Six good reasons to get your cedar from us…..
Durablity, Stability, Beauty, NZ Grown and processed….
Western Red Cedar (Thuja Plicata) is one of the world’s premier timber species – attractive in appearance, free of resin, aromatic, light in weight, dimensionally stable, and easy to work and finish. All our cedar weatherboards are a tight knot, all heartwood grade. All our cedar has been inspected and checked for grade conformance 3 times before it is ready for dispatch to the customer.
Western Red Cedar is renowned for its stability – superior to all other coniferous woods in its resistance to warping, twisting and checking. Cedar is hygroscopic, naturally absorbing and releasing moisture to remain in balance with the surrounding atmosphere.
Western Red Cedar is one of nature’s truly remarkable building materials, with its distinctive beauty, natural durability and centuries of proven performance. One of its most valuable characteristics is its high resistance to decay. Western Red Cedar is one of the most durable coniferous species for above-ground applications and, if correctly finished and maintained, will last for many years.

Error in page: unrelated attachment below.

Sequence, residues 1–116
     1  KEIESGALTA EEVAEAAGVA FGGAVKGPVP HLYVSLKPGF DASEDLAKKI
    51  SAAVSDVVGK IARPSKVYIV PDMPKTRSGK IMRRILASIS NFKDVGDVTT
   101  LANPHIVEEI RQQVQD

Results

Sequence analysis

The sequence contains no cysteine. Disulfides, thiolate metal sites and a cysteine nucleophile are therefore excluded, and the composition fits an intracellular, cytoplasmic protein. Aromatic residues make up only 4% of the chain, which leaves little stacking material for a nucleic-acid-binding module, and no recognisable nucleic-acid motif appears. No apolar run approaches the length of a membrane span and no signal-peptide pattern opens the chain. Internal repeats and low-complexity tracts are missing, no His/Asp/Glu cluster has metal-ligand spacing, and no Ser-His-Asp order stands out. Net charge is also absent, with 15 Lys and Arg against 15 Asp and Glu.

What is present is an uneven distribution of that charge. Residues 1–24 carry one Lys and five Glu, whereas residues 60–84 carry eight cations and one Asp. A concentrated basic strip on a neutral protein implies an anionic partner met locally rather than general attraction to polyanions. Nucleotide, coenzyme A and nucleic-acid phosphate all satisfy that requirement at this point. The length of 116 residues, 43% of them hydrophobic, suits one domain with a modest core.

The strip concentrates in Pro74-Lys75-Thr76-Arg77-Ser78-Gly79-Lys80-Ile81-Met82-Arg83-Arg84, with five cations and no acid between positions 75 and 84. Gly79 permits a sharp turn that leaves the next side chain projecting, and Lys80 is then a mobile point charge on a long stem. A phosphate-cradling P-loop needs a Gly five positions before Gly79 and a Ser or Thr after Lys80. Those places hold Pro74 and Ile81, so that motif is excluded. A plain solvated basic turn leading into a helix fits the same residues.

- Good insulation.
Western Red Cedar’s low density and high proportion of air-filled cavities to fibre mass makes this one of the best thermal insulators among commonly available softwood timbers. Western Red Cedar’s insulation properties are far superior to concrete, steel or brick.
- Truly sustainable. Not Ancient rainforest timber!
Western Red Cedar is the ultimate green product. It produces fewer greenhouse gases, generates less water and air pollution and uses less energy to produce than alternatives. Ours comes from a renewable and sustainable resource, NZ Forest service plantations dating from the 1930s and 40s. So definitely no 1000 yr old trees being cut down to clad your new home..
- Earthquake tolerant.
Western Red Cedar weatherboard cladding is lightweight and flexible. When combined with timber-framed construction, it will provide structural integrity and safety that is unmatched by other house building materials.